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Analysis and comments on Do not weep, maiden, for war is kind by Stephen Crane

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Comment 26 of 466, added on April 9th, 2008 at 11:34 AM.

This poem goes back and forth between the view of the civilian and the
soldier. The maiden, the soldier, the child, the soldier, and the mother.
The poem shows the excuses we give to those left behind and what that the
soldiers are told. They died for the greater good, they died for glory,
they died well - in excellence and virtue. "The unexplained glory flies
above them...point for them the virtue of slaughter, make plain to them the
excellence of killing..." Soldiers go believing that they are doing what's
best and for glory and to be a hero. But the only kingdom is that of the
war god, his subjects a thousand corpses. At the end all this excuses are
for naught, they're still just corpses. All they leave behind are the tears
of those who loved them.
So is war worth it?

Pat from United States
Comment 25 of 466, added on February 11th, 2008 at 3:46 PM.

The poem War is Kind, is a great poem, and you could say that the poem is
ironic, but I think that you could give a better argument about how the
poem is more sarcastic. But overall the poem is a great poem.

kyle from United States
Comment 24 of 466, added on May 22nd, 2007 at 11:59 PM.

I agree with those who described Crane's poem as ironic more than
sarcastic, but a paradox seems to much to describe it. Oh, and I'm a
sophomore too! Poem of choice for school projects I guess :p. But
seriously, I really like this poem and admire Crane greatly for his ability
to express his opinions so effectively.

Natalie from United States
Comment 23 of 466, added on April 9th, 2007 at 3:21 PM.

U Rock War Is Kind! It Builds Empires And Destroys Nations!

Roland from United States
Comment 22 of 466, added on April 13th, 2006 at 12:53 PM.

Why are some calling it a novel?? It's a poem. I must agree with Wendy.
Sarcasim is completely the wrong word to describe what Stephen Crane has
done with this poem. Irony and paradox are much more easily supported
throughout the poem than sarcasism. OH and just because I can, I'm a
sophmore in high school and understood that he didn't like war before I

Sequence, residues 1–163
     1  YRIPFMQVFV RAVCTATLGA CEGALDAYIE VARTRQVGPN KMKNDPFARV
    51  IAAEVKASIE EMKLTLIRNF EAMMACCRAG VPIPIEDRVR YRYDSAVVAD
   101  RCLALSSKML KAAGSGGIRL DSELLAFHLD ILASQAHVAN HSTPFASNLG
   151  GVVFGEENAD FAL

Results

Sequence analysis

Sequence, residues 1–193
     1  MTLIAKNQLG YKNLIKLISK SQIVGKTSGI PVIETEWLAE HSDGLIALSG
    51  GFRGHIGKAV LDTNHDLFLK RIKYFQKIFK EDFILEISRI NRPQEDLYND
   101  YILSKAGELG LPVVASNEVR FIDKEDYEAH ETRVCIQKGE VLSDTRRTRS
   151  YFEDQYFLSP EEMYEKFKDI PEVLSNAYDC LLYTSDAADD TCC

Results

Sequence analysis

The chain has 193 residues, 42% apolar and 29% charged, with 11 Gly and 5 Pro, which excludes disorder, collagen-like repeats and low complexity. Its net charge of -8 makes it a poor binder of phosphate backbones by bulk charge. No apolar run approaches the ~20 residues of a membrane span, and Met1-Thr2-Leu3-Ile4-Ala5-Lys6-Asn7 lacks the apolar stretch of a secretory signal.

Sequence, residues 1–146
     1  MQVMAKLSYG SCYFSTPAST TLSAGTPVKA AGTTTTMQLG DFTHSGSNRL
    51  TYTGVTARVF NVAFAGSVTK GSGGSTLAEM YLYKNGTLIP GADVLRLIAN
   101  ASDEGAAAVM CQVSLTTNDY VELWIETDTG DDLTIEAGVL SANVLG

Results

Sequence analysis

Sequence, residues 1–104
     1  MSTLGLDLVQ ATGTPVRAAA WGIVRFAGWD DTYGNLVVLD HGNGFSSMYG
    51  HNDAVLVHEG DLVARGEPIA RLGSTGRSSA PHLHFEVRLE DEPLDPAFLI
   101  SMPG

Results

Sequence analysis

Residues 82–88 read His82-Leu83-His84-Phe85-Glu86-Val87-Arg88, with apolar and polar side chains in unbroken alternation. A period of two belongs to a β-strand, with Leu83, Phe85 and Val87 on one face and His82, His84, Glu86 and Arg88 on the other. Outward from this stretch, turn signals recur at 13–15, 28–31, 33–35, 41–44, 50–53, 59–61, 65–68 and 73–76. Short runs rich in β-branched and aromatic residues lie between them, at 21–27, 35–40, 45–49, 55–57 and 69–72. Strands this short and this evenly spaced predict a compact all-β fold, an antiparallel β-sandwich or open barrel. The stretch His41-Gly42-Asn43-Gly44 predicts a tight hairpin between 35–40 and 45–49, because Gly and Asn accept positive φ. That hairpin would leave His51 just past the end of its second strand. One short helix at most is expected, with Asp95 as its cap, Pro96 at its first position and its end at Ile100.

even read these comments to help me get a deeper meaning of the poem.
Thanks Wendy you were alot of help!

Krystle from United States
Comment 21 of 466, added on March 5th, 2006 at 1:39 PM.

In response to Sanchez, this poem is not simply meant to comfort the loved
ones of those that die in war. Crane uses his words to show that there is
no comfort for these women because there husbands, sons, and fathers died
for something as futile as a war. The only word to describe Crane's intent
is sarcasm. He shows no sympathy for these women but raher mocks their
loss, not because he does not care, but because their men died needlessly.

Mike from United States
Comment 20 of 466, added on February 27th, 2006 at 8:55 AM.

This is not sarcasm. That is such a negative term to apply to Stephen
Crane's brilliant sense of paradox and irony. Paradox ... that something
appears to be one thing and is in reality quite another. 'War is Kind'
underscores the illusion maintained by men who believe in war, makes plain
the (non)exellence of killing, the (non) virtue of slaughter, the
unexplained (non) glory. It tells of the universal suffering, of the
maiden, the soldier, the babe, the mother. War 'kindly' dispells the
illusion of glory or virtue. In other words, the horror of war is the only
thing in the end that will teach us the falseness of our belief that war
can ever be right or bring glory or solve anything. This is a spirtual
poem. Look at the spiritual language ... the 'little' souls who thirst for
fight, the Battle-God and his Kingdom, which can only be a graveyard where
a thousand corpses lie, and that only in that false kingdom is there virtue
in killing. Stephen is telling us that men have made war a false god, and
that in the end, it is war alone that 'kindly' teaches us the higher truth.

wendy from United States
Comment 19 of 466, added on February 23rd, 2006 at 2:14 AM.

In response to other comments, I think "ironic" is a better word to use
than "sarcastic". What I love about the poem is the power and emotion he
evokes without talking about emotion at all. It is poignant without being
overly sentimental.

Nathaniel H. from United States
Comment 18 of 466, added on February 15th, 2006 at 7:18 PM.

I think that this work is amazing. Since I read this is wondered how a man
could fit so much emotion into so few words. I was also taken aback by the
fact that he was only what? 28? , when he wrote this poem. I'm sixteen and
I wonder if in 12 years I will be able to fit the emotions of the moment
into 5 or 6 stanzas. The truth is, this poem is a great example of how
irony affects a reader, and how to use irony to get your point across. I
envy this man for all of his talent.

Kat from United States
Comment 17 of 466, added on January 19th, 2006 at 7:55 PM.

This poem is not showing the futility of war or anything like that. i think
it's actualy written as a comfortor to the women who have lost someone dear
to them and telling them in very colorfull language that war is the kind
hand that took their loved on from a sort of hell on earth.

Sanchez from United States

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Information about Do not weep, maiden, for war is kind

Poet: Stephen Crane
Poem: 1. Do not weep, maiden, for war is kind
Volume: War is Kind & Other Lines
Year: 1899
Added: Jan 31 2004
Viewed: 2984 times

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